Array and Sequential Cluster Jobs

Recently, I found a few concepts very useful when running jobs on a Sun Grid Engine (SGE) cluster, and found others had not heard about them.

First and foremost, Googling “array jobs”, or “jobs sge cluster” will get you pretty far and so I highly suggest doing that before going anywhere else (after the –help of course). For our cluster, many topics are covered here.

Quick rundown of a batch job. Let's say you have an R script, let's call it Rscript.R. In a bash script (.sh file), let's call it Rscript.sh, you may have the commands

#!/bin/bash 
R CMD BATCH Rscript.R

Now, you need to go into your SGE computer (our's is called enigma), and run:

qsub /path/to/script/Rscript.sh

or use the -cwd option if you are running this command in the same directory as Rscript.sh. Boom! Job submitted to the nodes (which are a bunch of CPUs with aggregated memory). Let your code run and do all the fun stuff you normally would on your local machine not getting bogged down.

Array Jobs

Now you may want to run this script under certain “scenarios”. This is highly useful when I'm doing simulations. Let's say I had three parameters: x, y, z and wanted to vary these over simulations. Let's take advantage of a useful R command: expand.grid. This will give you all combinations of these 3 variables.

x <- c(0, 1, 2)
y <- c(2, 4, 6)
z <- c(1, 2)
scenarios <- expand.grid(x = x, y = y, y = z)
scenarios
   x y y
1  0 2 1
2  1 2 1
3  2 2 1
4  0 4 1
5  1 4 1
6  2 4 1
7  0 6 1
8  1 6 1
9  2 6 1
10 0 2 2
11 1 2 2
12 2 2 2
13 0 4 2
14 1 4 2
15 2 4 2
16 0 6 2
17 1 6 2
18 2 6 2

This will give you an object called scenarios that is a data.frame with named columns x, y, z (because I used the x=x syntax). Be aware stringsAsFactors is an option if you're using character vector and don't want them to be converted to factors. Also see combn if you're interested in only a subset of the combinations.

Now, we have 18 scenarios and I don't want to run a for loop, I want to parallelize them (embarrasingly). I now want to create what's called an array job. Now our Rscript.sh would be:

#!/bin/bash 
#$ -t 1-18
R CMD BATCH Rscript.R

So that 18 jobs are run when

qsub /path/to/script/Rscript.sh

is executed. Well that's all fun and good, but we need to explain how to reference these individual runs. So the -t assigns each of the jobs a “task number”. This is how we will index scenarios. So in your Rscript.R, let's add

iscen <- as.numeric(Sys.getenv("SGE_TASK_ID"))
scenarios[iscen,]

This will grab the SGE_TASK_ID (bash) environment variable (from the Sys.getenv command), and just change it to numeric. This can now be used to index the scenario that I want. Now I can run my simulation with each specific scenario in parallel. That should speed things up significantly with minimal cost of reworking code or new packages.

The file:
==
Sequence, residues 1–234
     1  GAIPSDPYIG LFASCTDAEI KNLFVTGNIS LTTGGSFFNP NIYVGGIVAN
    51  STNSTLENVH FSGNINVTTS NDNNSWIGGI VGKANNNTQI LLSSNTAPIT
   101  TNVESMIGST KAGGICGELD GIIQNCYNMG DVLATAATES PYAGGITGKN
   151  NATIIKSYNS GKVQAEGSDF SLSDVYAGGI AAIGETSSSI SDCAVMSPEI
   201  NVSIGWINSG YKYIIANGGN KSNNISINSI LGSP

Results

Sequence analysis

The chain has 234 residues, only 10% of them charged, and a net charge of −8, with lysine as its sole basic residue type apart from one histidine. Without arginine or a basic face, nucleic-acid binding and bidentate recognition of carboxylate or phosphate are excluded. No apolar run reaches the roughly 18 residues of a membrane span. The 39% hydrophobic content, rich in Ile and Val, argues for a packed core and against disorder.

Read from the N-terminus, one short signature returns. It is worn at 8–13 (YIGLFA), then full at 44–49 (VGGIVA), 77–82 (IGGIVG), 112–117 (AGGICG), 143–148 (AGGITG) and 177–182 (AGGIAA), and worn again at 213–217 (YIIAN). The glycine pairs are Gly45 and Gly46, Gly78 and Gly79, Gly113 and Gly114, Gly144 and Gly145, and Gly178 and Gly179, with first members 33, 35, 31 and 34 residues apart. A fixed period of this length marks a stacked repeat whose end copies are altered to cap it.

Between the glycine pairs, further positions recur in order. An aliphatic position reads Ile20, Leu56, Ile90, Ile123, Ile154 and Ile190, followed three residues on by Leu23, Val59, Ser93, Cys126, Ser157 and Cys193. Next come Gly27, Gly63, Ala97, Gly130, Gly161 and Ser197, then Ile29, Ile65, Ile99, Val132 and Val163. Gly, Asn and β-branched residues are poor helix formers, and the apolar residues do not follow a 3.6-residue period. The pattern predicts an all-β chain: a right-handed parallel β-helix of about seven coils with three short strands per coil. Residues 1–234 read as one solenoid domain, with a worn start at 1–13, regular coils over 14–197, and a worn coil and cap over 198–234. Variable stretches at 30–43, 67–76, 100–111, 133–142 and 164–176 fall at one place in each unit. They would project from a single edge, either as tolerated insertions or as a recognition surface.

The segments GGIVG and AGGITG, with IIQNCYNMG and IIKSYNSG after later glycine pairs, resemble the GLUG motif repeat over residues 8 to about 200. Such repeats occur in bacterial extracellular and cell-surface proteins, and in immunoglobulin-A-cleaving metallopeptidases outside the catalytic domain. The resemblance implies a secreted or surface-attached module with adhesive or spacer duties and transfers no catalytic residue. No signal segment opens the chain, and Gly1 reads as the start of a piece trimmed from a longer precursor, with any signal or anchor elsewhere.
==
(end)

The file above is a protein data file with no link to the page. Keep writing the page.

Sequential Jobs

I've worked on a cluster for a while and only recently have I used sequential jobs, where one job only starts after another has finished. Now, you can submit our first job:

qsub /path/to/script/Rscript.sh

and let's say it gets a task id of 1234. Now let us execute our second job:

qsub -hold_jid 1234 /path/to/script/Rscript2.sh

Now, Rscript2.sh will only run after Rscript.sh is done. This is highly useful in pipelining or an analysis scheme that depends on certain results before running.

Now, what if it's not going to be task id 1234? If you use the -N option, you can name the job, let's say “script1”, and we have:

qsub -N script1 /path/to/script/Rscript.sh
qsub -hold_jid script1 /path/to/script/Rscript.sh

Hopefully you can see how this would be useful in creating a reproducible series of jobs that would replicate an analysis/create a pipeline/do a series of steps.

Now for a quote from one of my favorite (and founder of) Jesuits: “Go forth and set the world on fire.” – St. Ignatius of Loyola

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6 thoughts on “Array and Sequential Cluster Jobs

  1. I use array jobs all the time to do simulations, where each job does the exact same thing, but uses different (randomly generated) data. Say I want to test the performance of a model on 1000 randomly generated datasets. I’ll typically write code that will generate 10 datasets, then submit 100 versions of it as an array job, and have each one save the results to a separate file. When it’s all done I just have to write a new piece of code to bring all the results together again. Runs about 100 times faster than if I submitted everything as one loop!

    This works great whenever you’re doing a bunch of the same thing over and over again, and the jobs don’t have to talk to each other at all.

  2. I also enjoyed the sequential jobs tip – super helpful!

    My personal favorite way to submit a bunch of jobs in parallel is to write a “wrapper” bash script that creates little bash scripts for each scenario (in a genomics setting, maybe that means one script for each sample, or you could maybe envision looping over each of x, y, and z and passing them as args to Rscript…). The trick here is to use the cat/EOF syntax in bash. As an example, the file “wrapper.sh” might contain:

    #!/bin/sh
    for sample in `ls mysampledir`
    do
    cat > ${sample}_script.sh << EOF
    #!/bin/sh
    # here's where you put analysis commands
    # could pass $sample as a command line argument to R
    # could run some other software on $sample
    # could just echo the sample's name…
    echo $sample
    EOF
    qsub ${sample}_script.sh
    done

    Then you just do "sh wrapper.sh", which creates all the sample_script.sh files and submits them. I've found this way to be useful for jobs that aren't R jobs, or in situations where it's hard to make your thing a function of the task ID. For simulations that ARE in R, I like doing things the way you described in the post.

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